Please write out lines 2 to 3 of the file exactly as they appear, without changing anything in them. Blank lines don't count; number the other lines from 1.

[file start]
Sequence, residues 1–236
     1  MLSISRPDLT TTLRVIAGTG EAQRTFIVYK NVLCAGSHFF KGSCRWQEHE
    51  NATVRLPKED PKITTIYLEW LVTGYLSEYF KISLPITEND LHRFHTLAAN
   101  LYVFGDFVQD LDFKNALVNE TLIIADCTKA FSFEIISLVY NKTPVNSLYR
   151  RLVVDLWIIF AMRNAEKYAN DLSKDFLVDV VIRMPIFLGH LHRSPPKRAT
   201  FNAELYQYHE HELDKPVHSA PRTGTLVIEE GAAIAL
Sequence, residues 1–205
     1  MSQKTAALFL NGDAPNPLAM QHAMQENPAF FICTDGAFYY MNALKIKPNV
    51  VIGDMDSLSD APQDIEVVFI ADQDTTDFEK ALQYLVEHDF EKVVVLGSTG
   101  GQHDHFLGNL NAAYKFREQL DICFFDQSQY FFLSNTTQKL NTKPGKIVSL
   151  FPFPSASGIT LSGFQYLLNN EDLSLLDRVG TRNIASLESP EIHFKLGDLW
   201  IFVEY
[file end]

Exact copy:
     1  MLSISRPDLT TTLRVIAGTG EAQRTFIVYK NVLCAGSHFF KGSCRWQEHE
    51  NATVRLPKED PKITTIYLEW LVTGYLSEYF KISLPITEND LHRFHTLAAN